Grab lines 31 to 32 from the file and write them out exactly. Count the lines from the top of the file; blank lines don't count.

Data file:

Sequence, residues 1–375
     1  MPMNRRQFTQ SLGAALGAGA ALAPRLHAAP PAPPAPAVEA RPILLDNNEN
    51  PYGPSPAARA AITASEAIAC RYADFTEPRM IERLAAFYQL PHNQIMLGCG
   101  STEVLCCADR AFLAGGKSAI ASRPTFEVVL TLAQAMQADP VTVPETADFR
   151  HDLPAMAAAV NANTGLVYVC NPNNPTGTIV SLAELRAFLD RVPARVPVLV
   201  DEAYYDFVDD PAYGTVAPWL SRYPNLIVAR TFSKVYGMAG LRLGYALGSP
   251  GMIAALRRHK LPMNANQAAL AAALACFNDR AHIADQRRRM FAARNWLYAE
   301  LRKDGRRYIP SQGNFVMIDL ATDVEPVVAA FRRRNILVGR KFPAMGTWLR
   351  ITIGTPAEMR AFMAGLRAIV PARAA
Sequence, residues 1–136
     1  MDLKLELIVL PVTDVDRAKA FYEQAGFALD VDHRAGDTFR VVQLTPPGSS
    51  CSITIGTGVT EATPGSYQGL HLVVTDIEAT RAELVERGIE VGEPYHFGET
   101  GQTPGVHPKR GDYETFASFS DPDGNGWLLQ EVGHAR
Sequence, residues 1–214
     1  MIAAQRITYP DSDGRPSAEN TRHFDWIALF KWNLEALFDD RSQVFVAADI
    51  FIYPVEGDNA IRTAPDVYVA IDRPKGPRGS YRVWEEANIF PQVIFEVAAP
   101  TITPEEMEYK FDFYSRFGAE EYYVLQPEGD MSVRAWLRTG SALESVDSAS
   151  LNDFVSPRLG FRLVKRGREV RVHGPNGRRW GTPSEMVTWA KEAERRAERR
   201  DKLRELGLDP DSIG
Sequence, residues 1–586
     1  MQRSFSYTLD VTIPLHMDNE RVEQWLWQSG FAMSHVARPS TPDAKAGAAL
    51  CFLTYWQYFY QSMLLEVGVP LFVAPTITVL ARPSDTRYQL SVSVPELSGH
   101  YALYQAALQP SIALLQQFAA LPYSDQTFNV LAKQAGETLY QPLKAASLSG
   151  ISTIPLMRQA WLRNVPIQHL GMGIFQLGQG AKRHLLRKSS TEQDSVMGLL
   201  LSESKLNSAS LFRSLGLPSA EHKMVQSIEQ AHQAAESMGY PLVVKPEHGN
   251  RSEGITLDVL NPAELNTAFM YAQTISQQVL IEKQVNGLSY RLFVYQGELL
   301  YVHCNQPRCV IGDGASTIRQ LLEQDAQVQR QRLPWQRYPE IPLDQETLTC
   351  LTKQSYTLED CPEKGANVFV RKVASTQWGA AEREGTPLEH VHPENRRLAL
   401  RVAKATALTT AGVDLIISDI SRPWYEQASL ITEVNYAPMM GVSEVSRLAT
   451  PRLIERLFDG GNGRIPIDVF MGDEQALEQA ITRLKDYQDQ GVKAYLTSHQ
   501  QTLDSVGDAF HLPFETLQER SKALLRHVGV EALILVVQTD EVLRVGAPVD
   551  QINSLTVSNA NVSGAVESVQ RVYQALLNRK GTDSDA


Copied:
   501  QTLDSVGDAF HLPFETLQER SKALLRHVGV EALILVVQTD EVLRVGAPVD
   551  QINSLTVSNA NVSGAVESVQ RVYQALLNRK GTDSDA